New therapeutic targets identified for Rett syndrome

Written by Naamah Maundrell

A study published in the Proceedings of the National Academy of Sciences, has described the potential for reversing the genetic neurodevelopmental disorder, Rett syndrome, by targeting specific genes. Researchers from the Fred Hutchinson Cancer Research Center (WA, USA) have identified 30 genes that could be utilized to reactivate the inactive X chromosome that is silenced in the disorder.
Rett syndrome affects approximately 15,000 girls in the USA and 350,000 across the globe. Currently, there is no treatment for the rare autism spectrum disorder, which causes a backsliding in development.

Lead scientist on this new study Antonio Bedalov (Fred Hutchinson Cancer Research Center) commented: “They have this period of normal development, and then it’s taken away from them…it’s devastating for the families.”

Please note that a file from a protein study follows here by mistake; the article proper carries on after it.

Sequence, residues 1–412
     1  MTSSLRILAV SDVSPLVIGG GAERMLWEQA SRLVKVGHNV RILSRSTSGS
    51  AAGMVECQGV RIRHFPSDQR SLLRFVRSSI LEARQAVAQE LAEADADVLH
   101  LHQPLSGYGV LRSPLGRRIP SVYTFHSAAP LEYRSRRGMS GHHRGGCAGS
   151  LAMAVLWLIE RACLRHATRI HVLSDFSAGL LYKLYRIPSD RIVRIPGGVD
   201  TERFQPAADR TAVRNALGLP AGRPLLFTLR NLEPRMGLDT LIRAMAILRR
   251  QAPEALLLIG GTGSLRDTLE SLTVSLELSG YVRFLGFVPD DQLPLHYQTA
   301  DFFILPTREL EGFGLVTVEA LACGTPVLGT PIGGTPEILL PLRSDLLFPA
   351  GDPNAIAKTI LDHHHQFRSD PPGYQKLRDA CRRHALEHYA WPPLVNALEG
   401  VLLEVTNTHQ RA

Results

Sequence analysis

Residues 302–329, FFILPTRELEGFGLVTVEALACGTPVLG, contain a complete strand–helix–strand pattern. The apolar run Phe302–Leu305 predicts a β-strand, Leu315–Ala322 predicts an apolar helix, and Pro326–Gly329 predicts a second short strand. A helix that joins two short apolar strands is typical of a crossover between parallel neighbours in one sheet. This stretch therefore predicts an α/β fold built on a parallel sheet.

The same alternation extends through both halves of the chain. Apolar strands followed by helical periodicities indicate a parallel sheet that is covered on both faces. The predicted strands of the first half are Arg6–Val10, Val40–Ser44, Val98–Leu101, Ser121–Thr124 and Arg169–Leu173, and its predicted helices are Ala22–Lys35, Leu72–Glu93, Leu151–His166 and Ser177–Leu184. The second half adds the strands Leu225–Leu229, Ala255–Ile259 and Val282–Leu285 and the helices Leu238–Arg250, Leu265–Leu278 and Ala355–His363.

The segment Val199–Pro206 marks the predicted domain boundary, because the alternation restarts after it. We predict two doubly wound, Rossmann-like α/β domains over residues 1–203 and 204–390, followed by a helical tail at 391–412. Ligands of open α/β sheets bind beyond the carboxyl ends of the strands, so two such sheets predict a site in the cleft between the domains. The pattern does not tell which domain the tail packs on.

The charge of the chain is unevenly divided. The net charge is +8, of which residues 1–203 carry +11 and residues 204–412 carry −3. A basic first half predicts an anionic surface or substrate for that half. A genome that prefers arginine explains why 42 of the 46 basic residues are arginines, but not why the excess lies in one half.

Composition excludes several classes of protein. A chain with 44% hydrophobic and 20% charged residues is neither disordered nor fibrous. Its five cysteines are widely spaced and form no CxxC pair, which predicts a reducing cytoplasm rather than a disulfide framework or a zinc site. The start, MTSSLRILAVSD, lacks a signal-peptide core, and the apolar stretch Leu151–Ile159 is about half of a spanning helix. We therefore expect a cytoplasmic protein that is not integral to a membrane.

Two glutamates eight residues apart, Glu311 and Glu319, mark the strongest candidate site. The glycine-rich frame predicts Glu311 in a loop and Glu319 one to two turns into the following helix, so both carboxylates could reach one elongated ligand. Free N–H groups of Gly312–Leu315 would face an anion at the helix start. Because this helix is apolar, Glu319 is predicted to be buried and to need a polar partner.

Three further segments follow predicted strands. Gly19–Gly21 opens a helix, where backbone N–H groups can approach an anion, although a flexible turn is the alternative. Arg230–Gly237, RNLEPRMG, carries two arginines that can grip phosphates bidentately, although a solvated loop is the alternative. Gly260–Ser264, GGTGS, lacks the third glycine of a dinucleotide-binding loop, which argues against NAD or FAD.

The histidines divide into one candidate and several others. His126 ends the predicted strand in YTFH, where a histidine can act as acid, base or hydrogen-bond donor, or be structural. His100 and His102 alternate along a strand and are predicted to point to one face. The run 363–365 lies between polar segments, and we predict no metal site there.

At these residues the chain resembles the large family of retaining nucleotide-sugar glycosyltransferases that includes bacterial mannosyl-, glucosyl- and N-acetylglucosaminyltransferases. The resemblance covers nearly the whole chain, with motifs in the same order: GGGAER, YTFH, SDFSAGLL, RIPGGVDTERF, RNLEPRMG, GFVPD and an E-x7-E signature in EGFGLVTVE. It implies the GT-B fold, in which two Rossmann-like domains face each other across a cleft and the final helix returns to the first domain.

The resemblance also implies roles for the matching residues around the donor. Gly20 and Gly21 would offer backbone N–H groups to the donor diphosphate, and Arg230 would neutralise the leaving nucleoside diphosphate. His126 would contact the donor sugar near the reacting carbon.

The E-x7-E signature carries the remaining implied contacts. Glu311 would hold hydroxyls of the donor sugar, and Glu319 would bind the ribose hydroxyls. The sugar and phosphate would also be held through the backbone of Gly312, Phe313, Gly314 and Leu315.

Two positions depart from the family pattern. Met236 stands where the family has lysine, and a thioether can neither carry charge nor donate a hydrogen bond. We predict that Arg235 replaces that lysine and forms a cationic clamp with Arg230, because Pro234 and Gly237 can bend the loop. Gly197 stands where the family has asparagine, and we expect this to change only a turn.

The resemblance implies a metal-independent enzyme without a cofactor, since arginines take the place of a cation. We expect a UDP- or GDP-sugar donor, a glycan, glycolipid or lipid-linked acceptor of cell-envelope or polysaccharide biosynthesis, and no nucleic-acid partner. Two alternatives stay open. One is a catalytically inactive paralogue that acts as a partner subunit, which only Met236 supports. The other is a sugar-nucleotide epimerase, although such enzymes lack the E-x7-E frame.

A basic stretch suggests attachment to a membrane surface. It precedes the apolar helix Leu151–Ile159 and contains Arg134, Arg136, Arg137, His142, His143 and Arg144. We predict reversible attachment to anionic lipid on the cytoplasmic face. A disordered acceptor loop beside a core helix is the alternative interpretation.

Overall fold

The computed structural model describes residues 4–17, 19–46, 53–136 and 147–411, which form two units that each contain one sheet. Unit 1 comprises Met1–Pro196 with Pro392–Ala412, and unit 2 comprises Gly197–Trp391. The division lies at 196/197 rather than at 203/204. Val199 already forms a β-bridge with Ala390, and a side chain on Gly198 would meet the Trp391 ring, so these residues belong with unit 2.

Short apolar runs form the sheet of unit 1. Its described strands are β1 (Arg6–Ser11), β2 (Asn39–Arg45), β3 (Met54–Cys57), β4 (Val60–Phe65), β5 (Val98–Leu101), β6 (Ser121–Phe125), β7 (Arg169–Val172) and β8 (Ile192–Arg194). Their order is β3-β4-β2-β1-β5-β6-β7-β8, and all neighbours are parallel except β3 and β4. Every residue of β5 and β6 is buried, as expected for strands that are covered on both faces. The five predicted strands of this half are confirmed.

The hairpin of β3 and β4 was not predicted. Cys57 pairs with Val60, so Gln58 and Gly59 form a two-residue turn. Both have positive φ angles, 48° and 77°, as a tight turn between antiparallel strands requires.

Girls with Rett syndrome are heterozygous for a mutation in the X-linked MeCP2 gene.  As cells in affected girls will only be missing functioning MeCP2 when the wild-type copy of the gene is on the inactive X, the researchers investigated how reactivation of the silenced copy of MeCP2 could be exploited to reverse Rett syndrome.

The team carried out a genetic screen for genes that, when downregulated, led to reactivation of a MeCP2 reporter on the inactive X chromosome. 30 genes were identified that revealed a mechanism involved in the maintenance of X-chromosome inactivation in differentiated cells, plus a number of potential therapeutic targets. These findings are in the preclinical stage but the team hopes ultimately to apply their approach to other disorders involving the X chromosome.

Sources: Sripathy S, Leko V, Adrianse RL et al. Screen for reactivation of MeCP2 on the inactive X chromosome identifies the BMP/TGF-β superfamily as a regulator of XIST expression. Proceedings of the National Academy of Sciences. doi:10.1073/pnas.1621356114 (2017) (Epub ahead of print); www.fredhutch.org/en/news/releases/2017/scientists-uncover-possible-therapeutic-targets-for-rare-autism-spectrum-disorder.html